By Gift BayoThe National Association of Nigerian Traditional Medicine Practitioners (NANTMP) has urged the National Assembly to expedite the passage of the National Traditional Medicine bill, asserting that it holds the key to the nation’s overall well-being and economic prosperity.
Dr Shaba Maikudi, the National President of NANTMP, emphasised the importance of the bill at the official inauguration of the association’s newly elected executive members in Abuja.
Maikudi called on President Bola Tinubu not only to ensure the swift assent to the bill after its passage but also to oversee its effective implementation.
The proposed legislation aims to bring clarity and development to the traditional medicine profession, promoting the cultivation and utilisation of roots and herbs.
Citing the success stories of China and India, which have enacted traditional medicine laws and reaped local and international dividends, Maikudu underscored the need for Nigeria to follow suit.
He revealed ongoing collaborations with foreign embassies, including China, India, and Switzerland, on exchange programs related to traditional medicine.
Maikudu expressed the association’s commitment to securing land for a National Secretariat in Abuja, lobbying for the establishment of traditional medicine boards in all states, and collaborating with research institutions to create a Federal College of Traditional Medicine Technology.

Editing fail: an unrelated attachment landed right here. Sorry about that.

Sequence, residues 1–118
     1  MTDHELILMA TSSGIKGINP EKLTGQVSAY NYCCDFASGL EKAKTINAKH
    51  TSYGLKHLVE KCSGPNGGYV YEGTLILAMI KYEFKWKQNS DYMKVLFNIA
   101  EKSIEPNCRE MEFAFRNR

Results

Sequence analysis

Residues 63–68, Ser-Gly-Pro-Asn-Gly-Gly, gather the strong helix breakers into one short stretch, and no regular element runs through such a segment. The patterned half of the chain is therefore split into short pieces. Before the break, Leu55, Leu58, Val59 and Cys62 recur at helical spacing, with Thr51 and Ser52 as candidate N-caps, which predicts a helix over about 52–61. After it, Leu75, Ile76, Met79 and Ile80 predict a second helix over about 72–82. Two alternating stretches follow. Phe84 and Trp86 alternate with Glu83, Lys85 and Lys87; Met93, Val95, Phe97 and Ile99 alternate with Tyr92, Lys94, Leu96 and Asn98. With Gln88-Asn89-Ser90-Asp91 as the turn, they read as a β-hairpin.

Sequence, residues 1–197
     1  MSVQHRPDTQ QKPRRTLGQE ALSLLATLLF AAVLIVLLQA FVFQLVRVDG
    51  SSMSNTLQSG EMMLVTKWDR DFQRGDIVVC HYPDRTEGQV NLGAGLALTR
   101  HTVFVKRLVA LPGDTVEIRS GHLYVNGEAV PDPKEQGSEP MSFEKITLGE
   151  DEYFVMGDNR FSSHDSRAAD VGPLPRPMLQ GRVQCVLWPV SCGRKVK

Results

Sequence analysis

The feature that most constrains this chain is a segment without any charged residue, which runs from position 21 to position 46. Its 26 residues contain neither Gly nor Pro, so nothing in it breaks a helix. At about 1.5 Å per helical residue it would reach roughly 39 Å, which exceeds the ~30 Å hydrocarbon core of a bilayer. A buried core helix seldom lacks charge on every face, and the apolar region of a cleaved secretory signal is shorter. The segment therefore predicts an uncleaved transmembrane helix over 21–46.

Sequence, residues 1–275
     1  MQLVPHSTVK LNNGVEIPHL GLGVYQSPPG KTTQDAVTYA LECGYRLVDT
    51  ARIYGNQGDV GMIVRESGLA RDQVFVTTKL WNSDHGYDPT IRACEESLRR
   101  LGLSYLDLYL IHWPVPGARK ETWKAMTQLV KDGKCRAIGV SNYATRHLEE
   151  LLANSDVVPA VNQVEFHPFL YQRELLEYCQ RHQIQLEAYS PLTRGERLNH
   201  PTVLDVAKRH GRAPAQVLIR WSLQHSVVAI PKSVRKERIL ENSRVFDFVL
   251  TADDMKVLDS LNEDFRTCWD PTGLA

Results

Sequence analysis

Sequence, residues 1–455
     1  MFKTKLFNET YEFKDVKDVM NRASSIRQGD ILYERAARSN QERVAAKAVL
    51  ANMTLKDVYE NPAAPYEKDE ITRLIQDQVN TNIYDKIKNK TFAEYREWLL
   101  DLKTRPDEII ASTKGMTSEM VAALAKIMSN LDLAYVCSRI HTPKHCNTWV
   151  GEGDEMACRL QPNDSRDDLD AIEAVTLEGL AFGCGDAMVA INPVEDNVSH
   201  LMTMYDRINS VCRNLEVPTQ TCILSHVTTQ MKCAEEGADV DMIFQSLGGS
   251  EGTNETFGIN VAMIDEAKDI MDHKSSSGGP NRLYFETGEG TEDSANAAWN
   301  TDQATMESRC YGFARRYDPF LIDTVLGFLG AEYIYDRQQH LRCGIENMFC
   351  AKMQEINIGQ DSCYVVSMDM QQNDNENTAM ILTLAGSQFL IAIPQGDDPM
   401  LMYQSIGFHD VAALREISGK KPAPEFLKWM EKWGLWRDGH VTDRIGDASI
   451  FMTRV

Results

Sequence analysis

The National President also emphasised the intention to establish departments of traditional African medicine in selected universities across Nigeria.
Maikudu urged practitioners to align with the Federal Ministry of Health to uphold government policies, including data capturing to meet World Health Organisation standards.
Mohammed Njawa, former Secretary General of NANTMP, urged Nigerians to take pride in traditional medicine, describing it as part of the nation’s heritage.
He called for collective efforts to ensure the passage and implementation of the National Traditional Medicine bill.
NANTMP is actively collaborating with the Ministry of Science and Technology and the Raw Material Research Council to advance traditional medicine in Nigeria.
The association remains steadfast in developing indigenous medicine and upholding Africa’s traditional medicinal pride.
The collaboration has garnered support from the Federal Ministry of Innovation, Science, and Technology, represented by Mrs Aina Folasade.
Head of Commerce at the High Commission of India in Nigeria, Pranay Sinha, pledged India’s support for the establishment of a traditional medicine hospital in collaboration with the Ministry of Health and WHO.
The call for swift legislative action echoes the commitment to nurture and elevate Nigeria’s traditional medicine sector for the nation’s enduring health and well-being.
Edited by Dorcas Jonah/Isaac Aregbesola